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Tian'an men Diary

Part Two

By Karen Linnea Searle ’84


Beijing 1988; map from the Perry-Casteneda Library Map Collection, University of Texas.

May 23
7:30 p.m.

The students called for the largest protest they could and now they are going home. I feel curiously empty, though, as though I missed something, but I'm not certain what. It has to end, but has it really? Li Peng is still in power. Has there been any change? What has happened? As many of the students lie ill in their hospital beds, what has changed? What has been accomplished?

Something, at least in the minds of the Chinese people, and what a message it is for the world that such an event would happen. That such a mass movement occurred, in a city as large as this, and the students were so disciplined and so organized that the army didn't have to intervene. The city was brought to the brink of chaos, but it never became chaotic and it never crossed that barrier. It is all on the shoulders of the students, all the credit for leading a non-violent movement that they, as well as the world, can and does feel pride in and share in.

10:55 p.m.
Back home and snug in bed. I was wrong! Wrong, wrong, wrong. These people are indefatigable—and stubborn as hell. It turns out we—excuse me, they—are marching again tomorrow! This time they are demonstrating to welcome back Wan Li, who just returned tonight from the States. He's been wandering around Canada and the US being very vocal in his support for the student movement and apparently he carries some weight.

He's the Chairman of the People's Congress. So, he's back and will add a great deal of strength to Zhao's side—the reformers side. It's still anybody's guess how this is going to turn out. One can't walk in the streets of Beijing for five minutes without wondering how Li Peng is ever going to survive this. He is hated, detested, despised, and many far more descriptive terms in Chinese.

CNN reported tonight that the press restrictions are going back into effect at midnight tonight. They've been virtually ignored for the last day and a half, ignored by all concerned, Chinese and foreigners alike. But now the government seems to want to crack down again—perhaps a sign that the conservatives are in the lead again? Holding the reins? It's difficult to find an apt metaphor for the power struggle that is still continuing.
I felt sort of let down on the Square today. It's still full of people, still looks and smells like a cesspool, but they've started letting traffic go past, and the alleys on either side aren't roped off anymore. It's just not the same. I feel like an old radical who woke up one morning to find the ’60s were gone! So I was glad to see hundreds of people outside the People's University tonight, even if most of them did, at one time or another, want to occupy the same spot as I did! But what a lively crowd! All listening, talking, discussing what was being broadcast, laughing, clapping—it was fun. This really has brought people together in a way that nothing has in the last 70 years at least! Perhaps more than liberation? Who knows?

According to one man, all the universities have organizing committees. And work units as well. They assign people to different jobs, to coordinate different areas of the city. This man was assigned to one corner. They stopped three army trucks, explained everything to them, and the trucks turned around and went back!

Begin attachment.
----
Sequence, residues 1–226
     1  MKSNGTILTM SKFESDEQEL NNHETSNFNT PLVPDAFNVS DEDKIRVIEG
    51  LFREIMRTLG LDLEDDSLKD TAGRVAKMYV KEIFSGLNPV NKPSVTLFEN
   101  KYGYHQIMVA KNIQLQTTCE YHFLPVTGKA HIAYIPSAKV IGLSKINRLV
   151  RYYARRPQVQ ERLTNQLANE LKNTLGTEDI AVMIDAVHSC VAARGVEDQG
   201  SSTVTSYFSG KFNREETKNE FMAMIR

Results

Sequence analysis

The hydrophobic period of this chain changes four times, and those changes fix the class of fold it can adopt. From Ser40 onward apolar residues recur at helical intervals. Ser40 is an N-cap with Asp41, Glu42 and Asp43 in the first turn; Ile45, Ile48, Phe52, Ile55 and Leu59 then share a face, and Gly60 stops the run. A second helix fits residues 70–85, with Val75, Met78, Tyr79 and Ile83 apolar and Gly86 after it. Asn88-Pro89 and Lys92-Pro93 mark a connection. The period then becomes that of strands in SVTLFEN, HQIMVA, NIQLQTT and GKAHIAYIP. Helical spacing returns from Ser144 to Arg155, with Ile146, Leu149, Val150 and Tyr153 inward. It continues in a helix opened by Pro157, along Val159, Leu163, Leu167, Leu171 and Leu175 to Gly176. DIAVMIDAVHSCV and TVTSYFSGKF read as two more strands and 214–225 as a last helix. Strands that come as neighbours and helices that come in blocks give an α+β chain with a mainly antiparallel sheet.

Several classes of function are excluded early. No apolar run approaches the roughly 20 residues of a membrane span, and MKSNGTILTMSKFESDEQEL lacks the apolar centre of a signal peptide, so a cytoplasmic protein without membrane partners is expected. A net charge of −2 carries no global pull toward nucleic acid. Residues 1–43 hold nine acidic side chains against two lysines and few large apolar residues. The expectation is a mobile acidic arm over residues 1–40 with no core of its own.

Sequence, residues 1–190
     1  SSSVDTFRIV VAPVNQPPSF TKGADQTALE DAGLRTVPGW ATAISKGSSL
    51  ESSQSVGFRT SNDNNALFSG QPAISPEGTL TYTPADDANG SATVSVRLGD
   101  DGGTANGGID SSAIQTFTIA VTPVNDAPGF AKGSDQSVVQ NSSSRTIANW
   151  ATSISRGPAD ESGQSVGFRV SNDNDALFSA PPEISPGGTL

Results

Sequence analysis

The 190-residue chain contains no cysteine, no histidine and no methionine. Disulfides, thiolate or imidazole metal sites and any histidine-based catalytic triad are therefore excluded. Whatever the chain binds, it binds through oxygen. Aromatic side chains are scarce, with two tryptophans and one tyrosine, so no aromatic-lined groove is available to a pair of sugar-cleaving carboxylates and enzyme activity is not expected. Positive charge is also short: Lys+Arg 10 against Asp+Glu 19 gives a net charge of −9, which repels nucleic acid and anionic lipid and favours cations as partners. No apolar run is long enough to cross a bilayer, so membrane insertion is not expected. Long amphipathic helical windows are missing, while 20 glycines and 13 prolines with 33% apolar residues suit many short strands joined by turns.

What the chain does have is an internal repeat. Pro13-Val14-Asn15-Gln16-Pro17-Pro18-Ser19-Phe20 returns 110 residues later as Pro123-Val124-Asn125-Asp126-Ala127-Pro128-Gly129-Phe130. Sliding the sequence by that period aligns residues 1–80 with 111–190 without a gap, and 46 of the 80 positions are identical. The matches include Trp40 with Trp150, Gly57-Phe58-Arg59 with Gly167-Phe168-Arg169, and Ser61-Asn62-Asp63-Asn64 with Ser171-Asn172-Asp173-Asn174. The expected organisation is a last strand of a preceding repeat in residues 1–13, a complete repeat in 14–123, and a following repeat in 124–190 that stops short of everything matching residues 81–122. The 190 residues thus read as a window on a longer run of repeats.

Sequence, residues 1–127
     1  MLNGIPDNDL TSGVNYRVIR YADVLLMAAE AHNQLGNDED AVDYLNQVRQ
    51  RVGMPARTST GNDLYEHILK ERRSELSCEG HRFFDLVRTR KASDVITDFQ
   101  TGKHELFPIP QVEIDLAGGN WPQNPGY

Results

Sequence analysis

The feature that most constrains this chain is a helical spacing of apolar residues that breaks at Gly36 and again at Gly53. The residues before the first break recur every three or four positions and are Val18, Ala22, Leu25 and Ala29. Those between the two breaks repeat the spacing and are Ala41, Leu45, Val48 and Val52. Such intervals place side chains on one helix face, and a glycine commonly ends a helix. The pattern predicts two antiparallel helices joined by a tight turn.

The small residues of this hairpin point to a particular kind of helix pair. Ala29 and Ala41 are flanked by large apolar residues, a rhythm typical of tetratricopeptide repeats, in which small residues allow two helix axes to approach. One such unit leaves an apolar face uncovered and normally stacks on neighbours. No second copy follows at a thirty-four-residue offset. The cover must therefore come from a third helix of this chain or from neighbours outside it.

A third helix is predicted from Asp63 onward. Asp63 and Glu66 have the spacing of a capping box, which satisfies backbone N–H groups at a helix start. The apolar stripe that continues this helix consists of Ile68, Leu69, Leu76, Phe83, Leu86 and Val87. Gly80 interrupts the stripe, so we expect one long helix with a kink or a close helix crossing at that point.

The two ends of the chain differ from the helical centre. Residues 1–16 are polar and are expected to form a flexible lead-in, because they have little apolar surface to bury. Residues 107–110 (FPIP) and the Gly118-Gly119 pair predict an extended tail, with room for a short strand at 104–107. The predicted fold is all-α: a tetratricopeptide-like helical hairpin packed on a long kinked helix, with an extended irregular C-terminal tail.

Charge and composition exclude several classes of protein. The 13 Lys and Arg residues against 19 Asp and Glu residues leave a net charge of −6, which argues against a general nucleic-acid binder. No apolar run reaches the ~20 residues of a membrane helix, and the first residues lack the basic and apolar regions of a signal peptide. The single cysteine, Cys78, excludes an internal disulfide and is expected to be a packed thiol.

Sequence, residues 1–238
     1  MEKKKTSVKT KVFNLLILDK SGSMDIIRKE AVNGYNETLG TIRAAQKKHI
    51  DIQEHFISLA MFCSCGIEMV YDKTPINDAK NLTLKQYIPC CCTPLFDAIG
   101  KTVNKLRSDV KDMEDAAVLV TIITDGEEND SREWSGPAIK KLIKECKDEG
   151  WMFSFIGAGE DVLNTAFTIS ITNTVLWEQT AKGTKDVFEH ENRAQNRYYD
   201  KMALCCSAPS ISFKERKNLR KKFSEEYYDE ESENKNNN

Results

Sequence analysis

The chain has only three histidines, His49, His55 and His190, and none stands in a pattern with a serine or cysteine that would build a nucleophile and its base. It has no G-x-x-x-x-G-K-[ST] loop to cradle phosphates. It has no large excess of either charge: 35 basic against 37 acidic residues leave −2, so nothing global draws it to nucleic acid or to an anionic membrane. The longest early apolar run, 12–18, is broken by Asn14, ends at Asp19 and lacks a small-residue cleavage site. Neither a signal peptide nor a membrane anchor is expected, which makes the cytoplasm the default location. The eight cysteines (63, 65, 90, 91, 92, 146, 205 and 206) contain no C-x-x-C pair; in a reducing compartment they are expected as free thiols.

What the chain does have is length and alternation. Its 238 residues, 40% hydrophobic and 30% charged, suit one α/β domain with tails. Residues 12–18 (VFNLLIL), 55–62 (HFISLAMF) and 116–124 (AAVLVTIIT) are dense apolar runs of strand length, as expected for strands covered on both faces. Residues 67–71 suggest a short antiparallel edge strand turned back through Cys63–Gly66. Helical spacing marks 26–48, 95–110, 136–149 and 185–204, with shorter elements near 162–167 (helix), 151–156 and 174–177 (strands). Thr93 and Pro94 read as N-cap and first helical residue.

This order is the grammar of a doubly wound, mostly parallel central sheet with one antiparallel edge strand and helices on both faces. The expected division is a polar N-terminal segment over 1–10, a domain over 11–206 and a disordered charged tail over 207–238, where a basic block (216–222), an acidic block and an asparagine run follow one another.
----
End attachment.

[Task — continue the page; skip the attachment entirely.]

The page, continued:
Over and over again it was broadcast at the People's University, over 100 hours of (martial law) and still not one single military vehicle has made it into the city (A defiant voice booms out through the broadcast system and is met by clapping and cheering on all sides). The people are EMPOWERED in the most basic, literal meaning of that word.

May 25
2:15 p.m.

At Tian`an men Square. There’s movement everywhere around me—people—students this time, moving in all directions, preparing for the afternoon’s demonstrations. I was wrong; it is not over, by any stretch of the imagination. In Tian`an men Square, there is an unreal atmosphere. It’s like a city within a city. Thousands of students are here, milling around, standing in what look like never-ending lines for food. They are sitting under tarps, tents, on cots and on the ground, surrounded by piles of clothes and blankets and sleeping bags. As the sun beats down ferociously on the Square, it’s hard to imagine that there could ever be a need for so many blankets. But it’s yet another reminder of just how long the students have occupied Tian`an men Square.

As in the larger Beijing, the Square is a model of organization. Schools on each side have their own areas. In several places are makeshift clinics, filled with doctors and nurses tending minor wounds as well as more serious bouts of fever. In the middle, surrounding the monument is another roped-off area. Inside is the area in which the student leaders are camped. They are fiercely guarded and protected by a number of “pickets” as they are called. On one side lies the tent in which the student broadcasters rest and work. This area is equally well guarded.

The Square is a mess. Piles of scraps of food and paper lie everywhere. The atmosphere is that of the second or third day of a weekend party. The edge is off, the euphoria over. The heat, the lack of adequate food, the sheer number of people must be getting to them, not to mention the ever-present possibility that the army and its tear-gas may still arrive—at any time.